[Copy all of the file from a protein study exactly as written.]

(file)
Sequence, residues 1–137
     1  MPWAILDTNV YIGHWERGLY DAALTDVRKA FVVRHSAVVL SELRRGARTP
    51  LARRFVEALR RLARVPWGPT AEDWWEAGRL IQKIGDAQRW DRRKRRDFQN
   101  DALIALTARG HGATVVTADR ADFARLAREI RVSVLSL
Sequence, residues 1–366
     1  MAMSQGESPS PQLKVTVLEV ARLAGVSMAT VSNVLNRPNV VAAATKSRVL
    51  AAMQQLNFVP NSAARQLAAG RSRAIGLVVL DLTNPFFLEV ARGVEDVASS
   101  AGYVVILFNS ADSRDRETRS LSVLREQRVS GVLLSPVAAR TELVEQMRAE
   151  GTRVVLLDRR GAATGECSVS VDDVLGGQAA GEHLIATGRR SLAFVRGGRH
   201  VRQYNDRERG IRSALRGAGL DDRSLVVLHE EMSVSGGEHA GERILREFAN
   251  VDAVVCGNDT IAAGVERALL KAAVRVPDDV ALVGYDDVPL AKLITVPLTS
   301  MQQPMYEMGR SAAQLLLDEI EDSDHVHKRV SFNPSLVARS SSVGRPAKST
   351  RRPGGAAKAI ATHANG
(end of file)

Sequence, residues 1–137
     1  MPWAILDTNV YIGHWERGLY DAALTDVRKA FVVRHSAVVL SELRRGARTP
    51  LARRFVEALR RLARVPWGPT AEDWWEAGRL IQKIGDAQRW DRRKRRDFQN
   101  DALIALTARG HGATVVTADR ADFARLAREI RVSVLSL
Sequence, residues 1–366
     1  MAMSQGESPS PQLKVTVLEV ARLAGVSMAT VSNVLNRPNV VAAATKSRVL
    51  AAMQQLNFVP NSAARQLAAG RSRAIGLVVL DLTNPFFLEV ARGVEDVASS
   101  AGYVVILFNS ADSRDRETRS LSVLREQRVS GVLLSPVAAR TELVEQMRAE
   151  GTRVVLLDRR GAATGECSVS VDDVLGGQAA GEHLIATGRR SLAFVRGGRH
   201  VRQYNDRERG IRSALRGAGL DDRSLVVLHE EMSVSGGEHA GERILREFAN
   251  VDAVVCGNDT IAAGVERALL KAAVRVPDDV ALVGYDDVPL AKLITVPLTS
   301  MQQPMYEMGR SAAQLLLDEI EDSDHVHKRV SFNPSLVARS SSVGRPAKST
   351  RRPGGAAKAI ATHANG